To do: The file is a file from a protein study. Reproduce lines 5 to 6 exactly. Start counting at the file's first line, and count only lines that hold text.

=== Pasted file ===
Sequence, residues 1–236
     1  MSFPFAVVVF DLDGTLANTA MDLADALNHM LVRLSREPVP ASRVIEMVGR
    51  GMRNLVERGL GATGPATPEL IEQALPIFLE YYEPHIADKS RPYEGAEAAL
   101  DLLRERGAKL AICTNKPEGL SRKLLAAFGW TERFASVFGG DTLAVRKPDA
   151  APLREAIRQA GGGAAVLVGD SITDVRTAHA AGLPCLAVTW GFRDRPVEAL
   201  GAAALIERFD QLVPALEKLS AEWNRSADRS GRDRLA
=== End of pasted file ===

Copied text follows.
   151  APLREAIRQA GGGAAVLVGD SITDVRTAHA AGLPCLAVTW GFRDRPVEAL
   201  GAAALIERFD QLVPALEKLS AEWNRSADRS GRDRLA